Appeal to Popularity





The Appeal to Popularity has the following form:


Premise 1: Most people approve of X.

Conclusion: Therefore, X is true.


In this fallacy, a claim is accepted as true simply because most people are favorably inclined towards it. More formally, the claim that most people have favorable emotions associated with the claim is substituted for evidence. A person falls for this fallacy if they accept a claim simply because most other people approve of it.

It is fallacious to accept the approval of the majority as evidence. For example, suppose that a skilled speaker managed to get most people to absolutely love the claim that 1+1=3. It would still not be rational to accept this claim simply because most people approved of it. Approval is no substitute for a mathematical proof. At one time people approved of claims such as “humans cannot survive at speeds greater than 25 miles per hour”, and “the sun revolves around the earth” but these claims are not true.

This reasoning is common and can an effective persuasive device. Since people often conform to the views of the majority, convincing a person that the majority approves of a claim can be an effective way to get them to accept it. Advertisers often use this tactic when they attempt to sell products by claiming everyone uses and loves their products. In such cases they hope that people will accept the (alleged) approval of others as a good reason to buy the product.

This fallacy is like Appeal to Belief and Appeal to Common Practice. However, in the case of an Appeal to Popularity the appeal is to the assertion that most people approve of a claim. In the case of an Appeal to Belief, the appeal is to the assertion that most people believe a claim. In the case of an Appeal to Common Practice, the appeal is to the fact that many people take the action in question.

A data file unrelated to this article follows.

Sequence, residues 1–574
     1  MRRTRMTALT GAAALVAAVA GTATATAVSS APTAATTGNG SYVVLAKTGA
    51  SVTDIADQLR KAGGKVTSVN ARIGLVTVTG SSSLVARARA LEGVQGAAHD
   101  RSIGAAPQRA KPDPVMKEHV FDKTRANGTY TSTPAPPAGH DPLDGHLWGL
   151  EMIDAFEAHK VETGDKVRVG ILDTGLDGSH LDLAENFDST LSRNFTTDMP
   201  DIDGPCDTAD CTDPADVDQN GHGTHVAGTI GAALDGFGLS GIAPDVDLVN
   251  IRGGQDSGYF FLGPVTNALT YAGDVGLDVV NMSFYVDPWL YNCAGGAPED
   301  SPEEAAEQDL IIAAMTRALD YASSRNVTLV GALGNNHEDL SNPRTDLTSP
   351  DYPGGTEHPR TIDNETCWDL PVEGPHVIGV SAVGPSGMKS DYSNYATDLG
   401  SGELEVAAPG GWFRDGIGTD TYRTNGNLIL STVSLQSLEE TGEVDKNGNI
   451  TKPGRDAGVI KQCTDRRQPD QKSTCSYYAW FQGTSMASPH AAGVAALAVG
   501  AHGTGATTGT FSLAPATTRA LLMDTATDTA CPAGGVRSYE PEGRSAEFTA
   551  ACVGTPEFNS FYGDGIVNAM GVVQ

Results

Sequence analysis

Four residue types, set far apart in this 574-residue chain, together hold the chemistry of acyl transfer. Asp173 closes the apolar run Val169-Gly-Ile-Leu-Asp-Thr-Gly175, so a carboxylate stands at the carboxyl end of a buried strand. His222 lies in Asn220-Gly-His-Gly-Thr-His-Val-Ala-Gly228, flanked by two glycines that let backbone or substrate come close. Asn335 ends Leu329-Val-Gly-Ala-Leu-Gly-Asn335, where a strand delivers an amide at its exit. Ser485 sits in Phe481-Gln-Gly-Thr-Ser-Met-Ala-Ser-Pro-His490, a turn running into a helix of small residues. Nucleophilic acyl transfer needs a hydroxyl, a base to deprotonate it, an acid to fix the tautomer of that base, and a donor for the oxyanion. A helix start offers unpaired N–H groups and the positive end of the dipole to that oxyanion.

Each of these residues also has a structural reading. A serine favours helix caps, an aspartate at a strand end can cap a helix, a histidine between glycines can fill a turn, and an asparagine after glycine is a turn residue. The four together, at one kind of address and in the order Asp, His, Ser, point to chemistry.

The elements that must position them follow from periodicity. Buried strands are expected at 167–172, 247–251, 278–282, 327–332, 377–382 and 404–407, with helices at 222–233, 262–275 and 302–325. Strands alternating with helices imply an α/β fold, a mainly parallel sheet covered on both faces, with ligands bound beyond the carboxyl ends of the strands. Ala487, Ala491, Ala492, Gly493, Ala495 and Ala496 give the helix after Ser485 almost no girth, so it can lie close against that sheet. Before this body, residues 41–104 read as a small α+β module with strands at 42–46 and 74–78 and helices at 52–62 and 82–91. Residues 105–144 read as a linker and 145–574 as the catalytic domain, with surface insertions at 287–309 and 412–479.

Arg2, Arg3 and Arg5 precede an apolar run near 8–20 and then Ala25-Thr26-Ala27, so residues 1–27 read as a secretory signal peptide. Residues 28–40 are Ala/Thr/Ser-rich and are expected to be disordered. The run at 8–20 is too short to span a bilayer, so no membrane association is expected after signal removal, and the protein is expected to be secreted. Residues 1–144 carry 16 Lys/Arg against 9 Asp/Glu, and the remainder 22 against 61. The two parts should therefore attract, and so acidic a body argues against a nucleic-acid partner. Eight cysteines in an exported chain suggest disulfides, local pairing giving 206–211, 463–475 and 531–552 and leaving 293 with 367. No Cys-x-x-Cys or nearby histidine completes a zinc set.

This fallacy is related to the Appeal to Emotion fallacy, as discussed in the entry for that fallacy. Some authors consider Appeal to Belief and Appeal to Popularity to be variants of the same fallacy or even the same fallacy. There is nothing wrong with this view and, as mentioned above, there is no bureau of fallacy naming to decide which is correct.

There are philosophical theories in which majority approval makes something true. One example is cultural ethical relativism. On this view, what is right is determined by the values of the culture and this can be taken as majority approval of the values. If such a theory is correct, then this reasoning would not be fallacy in that context.

While it might seem that the political view of majority rule would be an example of this fallacy, this is not the case. Majority rule does not entail that claim are true because the majority votes for them. Rather it is the view that political legitimacy arises from the approval of the citizens. So, a candidate getting the majority of the votes would be the legitimate winner but this does not entail that the approval of the voters proves that the politician’s claims are true.


Defense: The main defense against this fallacy is to keep in mind the distinction between a claim being true and being approved of, even if most people do approve of it.


Example #1:

My fellow Americans…there has been some talk that the government is overstepping its bounds by allowing police to enter people’s homes without the warrants traditionally required by the Constitution or even knocking and identifying themselves as police. However, these are dangerous times and dangerous times require appropriate actions. I have in my office thousands of letters from people who let me know, in no uncertain terms, that they heartily endorse the war against crime in these United States. Because of this overwhelming approval, it is evident that the police are doing the right thing.


Example #2:

I read the other day that most people really like the new gun control laws. I was sort of suspicious of them, but I guess if most people like them, then they must be okay.


Example #3:

Jill and Jane have some concerns that the rules their sorority follows are racist. Since Jill is a decent person, she brings her concerns up in the next meeting. The president of the sorority assures her that there is nothing wrong with the rules, since most of the sisters like them. Jane accepts this ruling, but Jill decides to leave the sorority.

Originally appeared on A Philosopher’s Blog Read More